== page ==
According to a recent report submitted to the World Health Organization (WHO) 1 in 10 of the world's schoolchildren are overweight, and about 45 million of them have an increased risk of developing diabetes, heart disease and other illnesses before they leave their teens.
At least 155 million overweight
The report, issued by the International Obesity Task Force—a coalition of independent obesity scientists and research organizations—estimates that at least 155 million, or 10%, of children between the ages of 5 and 17 are overweight, and almost 45 million of them are obese.
The report found that in South Africa, 25% of teenage girls are obese—figures similar to the average in the United States, which has one of the world's biggest obesity problems. The report also found that in Europe, childhood obesity has increased steadily, with the highest prevalence in southern European countries. Findings also showed about 15% of children in northern Europe are obese, compared with about 30% in the southern part of the continent.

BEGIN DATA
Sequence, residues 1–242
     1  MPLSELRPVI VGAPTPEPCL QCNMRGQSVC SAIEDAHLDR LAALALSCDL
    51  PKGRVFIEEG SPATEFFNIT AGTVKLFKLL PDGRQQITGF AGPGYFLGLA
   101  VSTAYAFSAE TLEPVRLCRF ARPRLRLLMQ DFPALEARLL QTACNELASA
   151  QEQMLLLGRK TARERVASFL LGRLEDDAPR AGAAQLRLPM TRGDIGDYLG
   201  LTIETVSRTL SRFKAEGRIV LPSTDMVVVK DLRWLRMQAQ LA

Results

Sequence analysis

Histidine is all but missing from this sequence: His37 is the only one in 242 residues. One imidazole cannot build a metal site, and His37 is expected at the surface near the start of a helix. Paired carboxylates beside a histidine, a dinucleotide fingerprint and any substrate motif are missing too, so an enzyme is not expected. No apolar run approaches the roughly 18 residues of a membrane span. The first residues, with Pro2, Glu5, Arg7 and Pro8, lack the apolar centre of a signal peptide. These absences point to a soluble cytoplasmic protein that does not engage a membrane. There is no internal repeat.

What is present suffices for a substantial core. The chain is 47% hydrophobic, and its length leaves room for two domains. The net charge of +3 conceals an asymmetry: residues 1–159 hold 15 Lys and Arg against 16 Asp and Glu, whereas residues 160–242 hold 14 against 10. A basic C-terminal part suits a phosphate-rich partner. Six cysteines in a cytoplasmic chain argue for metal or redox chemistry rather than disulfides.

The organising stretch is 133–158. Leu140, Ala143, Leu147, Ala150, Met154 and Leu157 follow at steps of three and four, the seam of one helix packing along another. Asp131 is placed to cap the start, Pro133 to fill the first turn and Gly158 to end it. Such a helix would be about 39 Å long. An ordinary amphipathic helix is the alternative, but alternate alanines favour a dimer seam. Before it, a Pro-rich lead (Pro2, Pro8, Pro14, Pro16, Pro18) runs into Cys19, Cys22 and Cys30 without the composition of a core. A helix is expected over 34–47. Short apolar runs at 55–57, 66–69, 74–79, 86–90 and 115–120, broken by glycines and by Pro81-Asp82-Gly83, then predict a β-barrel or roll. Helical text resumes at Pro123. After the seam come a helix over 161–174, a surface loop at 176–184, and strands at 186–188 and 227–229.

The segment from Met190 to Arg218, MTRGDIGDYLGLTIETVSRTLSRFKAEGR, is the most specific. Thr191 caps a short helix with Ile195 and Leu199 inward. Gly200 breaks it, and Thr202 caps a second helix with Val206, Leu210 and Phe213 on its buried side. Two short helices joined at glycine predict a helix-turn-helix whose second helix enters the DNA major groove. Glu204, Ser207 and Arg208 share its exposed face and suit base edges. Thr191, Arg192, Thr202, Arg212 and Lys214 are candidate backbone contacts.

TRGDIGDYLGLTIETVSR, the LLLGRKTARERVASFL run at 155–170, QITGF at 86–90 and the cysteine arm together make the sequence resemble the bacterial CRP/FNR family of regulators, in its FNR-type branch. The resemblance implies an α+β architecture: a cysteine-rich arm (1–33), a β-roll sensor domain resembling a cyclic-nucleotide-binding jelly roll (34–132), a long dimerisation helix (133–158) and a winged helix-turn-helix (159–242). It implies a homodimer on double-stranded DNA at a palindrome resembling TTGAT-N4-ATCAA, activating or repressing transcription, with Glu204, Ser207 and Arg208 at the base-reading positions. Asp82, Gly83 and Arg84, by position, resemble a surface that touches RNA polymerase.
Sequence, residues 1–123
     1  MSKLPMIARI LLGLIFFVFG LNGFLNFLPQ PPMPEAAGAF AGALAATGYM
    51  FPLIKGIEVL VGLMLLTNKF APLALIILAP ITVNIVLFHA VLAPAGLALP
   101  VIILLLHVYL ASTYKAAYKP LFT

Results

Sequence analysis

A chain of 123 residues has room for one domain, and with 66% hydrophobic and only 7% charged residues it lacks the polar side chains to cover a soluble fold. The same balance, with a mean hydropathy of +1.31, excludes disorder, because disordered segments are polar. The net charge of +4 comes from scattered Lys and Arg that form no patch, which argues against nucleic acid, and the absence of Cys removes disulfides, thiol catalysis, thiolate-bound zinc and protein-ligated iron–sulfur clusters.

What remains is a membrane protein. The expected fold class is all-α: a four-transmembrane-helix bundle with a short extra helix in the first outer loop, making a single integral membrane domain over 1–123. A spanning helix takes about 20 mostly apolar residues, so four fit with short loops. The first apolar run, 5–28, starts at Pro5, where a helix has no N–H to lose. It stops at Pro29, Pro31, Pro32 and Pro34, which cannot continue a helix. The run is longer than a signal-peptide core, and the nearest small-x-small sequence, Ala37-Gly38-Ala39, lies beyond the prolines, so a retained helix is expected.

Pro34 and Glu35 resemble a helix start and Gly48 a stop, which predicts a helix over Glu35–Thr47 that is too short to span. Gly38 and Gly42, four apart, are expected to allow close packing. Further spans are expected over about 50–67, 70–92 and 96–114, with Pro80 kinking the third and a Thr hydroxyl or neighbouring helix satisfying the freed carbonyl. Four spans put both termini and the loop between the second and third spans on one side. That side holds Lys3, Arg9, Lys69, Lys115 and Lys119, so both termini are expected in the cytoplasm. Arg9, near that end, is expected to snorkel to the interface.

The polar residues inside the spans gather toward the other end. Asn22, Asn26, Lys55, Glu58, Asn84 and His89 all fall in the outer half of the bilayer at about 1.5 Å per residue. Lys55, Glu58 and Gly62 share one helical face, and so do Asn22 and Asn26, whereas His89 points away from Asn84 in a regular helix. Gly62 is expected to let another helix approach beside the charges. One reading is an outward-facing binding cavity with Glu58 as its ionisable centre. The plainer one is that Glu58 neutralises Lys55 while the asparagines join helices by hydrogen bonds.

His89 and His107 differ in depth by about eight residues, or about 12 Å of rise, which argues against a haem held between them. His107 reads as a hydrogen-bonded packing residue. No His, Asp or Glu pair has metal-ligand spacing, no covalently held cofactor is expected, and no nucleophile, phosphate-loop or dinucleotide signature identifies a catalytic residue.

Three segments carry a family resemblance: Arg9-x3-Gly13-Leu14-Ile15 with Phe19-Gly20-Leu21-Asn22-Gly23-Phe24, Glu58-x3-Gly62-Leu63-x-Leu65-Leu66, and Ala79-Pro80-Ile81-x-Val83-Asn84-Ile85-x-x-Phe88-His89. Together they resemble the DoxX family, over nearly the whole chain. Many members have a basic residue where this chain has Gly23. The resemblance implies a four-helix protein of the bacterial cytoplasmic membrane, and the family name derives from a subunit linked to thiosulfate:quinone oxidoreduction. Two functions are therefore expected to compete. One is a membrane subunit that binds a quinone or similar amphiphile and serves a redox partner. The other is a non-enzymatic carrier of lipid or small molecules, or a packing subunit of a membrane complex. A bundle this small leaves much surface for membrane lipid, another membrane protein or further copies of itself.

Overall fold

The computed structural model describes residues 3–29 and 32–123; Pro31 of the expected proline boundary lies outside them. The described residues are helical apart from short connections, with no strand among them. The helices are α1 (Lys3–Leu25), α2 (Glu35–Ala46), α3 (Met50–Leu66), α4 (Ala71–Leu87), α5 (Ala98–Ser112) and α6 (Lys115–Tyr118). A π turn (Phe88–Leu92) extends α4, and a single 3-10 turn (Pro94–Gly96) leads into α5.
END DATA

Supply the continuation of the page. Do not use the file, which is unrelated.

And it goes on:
Calling on the WHO to help countries to develop National Obesity Action Plans with a high priority set for tackling the prevention of childhood obesity, the report says action is needed to:
• provide clear and consistent consumer information, e.g. on food labels;
• encourage food companies to provide lower energy, more nutritious foods marketed for children;
• develop criteria for advertising that promotes healthier eating;
• improve maternal nutrition and encourage breast-feeding of infants;
• design secure play facilities and safe local neighbourhoods;
• encourage schools to enact coherent food, nutrition and physical activity policies;
• encourage medical and health professionals to participate in the development of public health programmes.
The findings were submitted to the World Health Organization on the eve of a critical vote by the world's health ministers next week on the adoption of a global strategy on diet, physical activity and health